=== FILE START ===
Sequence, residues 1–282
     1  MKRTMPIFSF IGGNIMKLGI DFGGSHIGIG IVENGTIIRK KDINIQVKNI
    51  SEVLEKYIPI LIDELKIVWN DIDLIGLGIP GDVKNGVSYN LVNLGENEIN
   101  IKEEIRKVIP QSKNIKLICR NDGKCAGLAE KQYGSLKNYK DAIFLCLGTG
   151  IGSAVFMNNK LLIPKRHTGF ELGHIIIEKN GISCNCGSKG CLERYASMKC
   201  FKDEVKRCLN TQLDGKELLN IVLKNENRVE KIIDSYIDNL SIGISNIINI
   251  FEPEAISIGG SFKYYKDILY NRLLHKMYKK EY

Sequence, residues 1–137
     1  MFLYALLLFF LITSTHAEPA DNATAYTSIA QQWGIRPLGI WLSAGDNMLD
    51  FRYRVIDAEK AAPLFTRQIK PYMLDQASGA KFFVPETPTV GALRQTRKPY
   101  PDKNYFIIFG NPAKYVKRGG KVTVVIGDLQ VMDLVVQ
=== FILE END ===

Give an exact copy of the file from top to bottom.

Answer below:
Sequence, residues 1–282
     1  MKRTMPIFSF IGGNIMKLGI DFGGSHIGIG IVENGTIIRK KDINIQVKNI
    51  SEVLEKYIPI LIDELKIVWN DIDLIGLGIP GDVKNGVSYN LVNLGENEIN
   101  IKEEIRKVIP QSKNIKLICR NDGKCAGLAE KQYGSLKNYK DAIFLCLGTG
   151  IGSAVFMNNK LLIPKRHTGF ELGHIIIEKN GISCNCGSKG CLERYASMKC
   201  FKDEVKRCLN TQLDGKELLN IVLKNENRVE KIIDSYIDNL SIGISNIINI
   251  FEPEAISIGG SFKYYKDILY NRLLHKMYKK EY

Sequence, residues 1–137
     1  MFLYALLLFF LITSTHAEPA DNATAYTSIA QQWGIRPLGI WLSAGDNMLD
    51  FRYRVIDAEK AAPLFTRQIK PYMLDQASGA KFFVPETPTV GALRQTRKPY
   101  PDKNYFIIFG NPAKYVKRGG KVTVVIGDLQ VMDLVVQ